Welcome to this edition of Aviation English Services newsletter.
IFATCA encourages all Service Providers and Regulators who have not already done so to act without delay to ensure an English language proficiency training and testing program is in place. (Letter written to Air Navigation Service Providers by Executive Vice President Professional IFATCA)
The way in which Aviation English training material is delivered is critical.
Properly harnessed, computer-assisted language learning empowers both learner and student.
Part One of an interview on Language Proficiency Requirements.
Come and see us at the following events
We know that differences in education, perceptions and expectations can make communication difficult; these differences are often critical when we need to communicate in the workplace. Pilots and controllers, however, share a common professional culture, regardless of their differences in native language, race and nationality.
AES training courseware capitalizes on the connection between culture and communication.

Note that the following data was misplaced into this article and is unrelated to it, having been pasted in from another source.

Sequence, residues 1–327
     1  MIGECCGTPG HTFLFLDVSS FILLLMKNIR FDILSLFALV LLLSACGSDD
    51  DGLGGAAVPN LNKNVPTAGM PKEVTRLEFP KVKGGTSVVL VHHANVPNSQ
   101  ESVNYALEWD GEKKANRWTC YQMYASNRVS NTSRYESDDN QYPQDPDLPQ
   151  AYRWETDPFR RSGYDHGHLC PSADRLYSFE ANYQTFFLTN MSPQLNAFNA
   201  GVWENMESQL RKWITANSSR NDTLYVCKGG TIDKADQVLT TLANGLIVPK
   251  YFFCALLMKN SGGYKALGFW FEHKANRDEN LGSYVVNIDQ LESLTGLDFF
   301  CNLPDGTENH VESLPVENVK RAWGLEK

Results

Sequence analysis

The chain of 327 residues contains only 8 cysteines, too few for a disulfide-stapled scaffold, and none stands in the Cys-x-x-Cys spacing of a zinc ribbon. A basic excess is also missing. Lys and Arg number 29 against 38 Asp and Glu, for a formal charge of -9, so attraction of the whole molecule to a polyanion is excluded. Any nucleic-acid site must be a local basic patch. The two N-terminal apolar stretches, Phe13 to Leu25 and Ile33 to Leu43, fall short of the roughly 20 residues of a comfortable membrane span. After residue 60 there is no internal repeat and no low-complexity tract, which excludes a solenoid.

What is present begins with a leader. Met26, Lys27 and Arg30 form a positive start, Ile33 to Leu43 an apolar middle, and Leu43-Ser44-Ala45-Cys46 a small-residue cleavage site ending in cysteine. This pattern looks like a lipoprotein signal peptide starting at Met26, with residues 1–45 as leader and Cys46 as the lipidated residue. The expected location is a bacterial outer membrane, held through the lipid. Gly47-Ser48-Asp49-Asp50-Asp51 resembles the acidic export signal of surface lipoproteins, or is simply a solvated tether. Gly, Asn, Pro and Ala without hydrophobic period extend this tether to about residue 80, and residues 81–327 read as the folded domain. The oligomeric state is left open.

This is one important reason why Aviation English Services (AES) fully accepted the guidance in the ICAO language proficiency manual* that content-based learning is an appropriate language training methodology for pilots and controllers. Content-based learning programs “speak” to students in a common language of understanding. This methodology is, for pilots and controllers, a means of building the unknown on the known: the concepts are known; their proper linguistic expression needs to be learnt.
Moreover, AES content-based courseware incorporates contemporary safety-related subject matter that has the twin benefits of effectively facilitating acquisition of the English language and improving the safety consciousness of pilots and controllers.
Teaching English to pilots and controllers is not enough. It is ineffective to teach a brand of “aviation English” that is unrelated to operations on the flight deck and in the control tower; topics such as the four forces of flight, travel itineraries and hotel accommodation fall into this category. AES instructional design focuses on cutting edge subject matter of direct operational relevance and effectiveness. This includes such topics as controlled flight into terrain, safety management, runway incursions and threat and error management.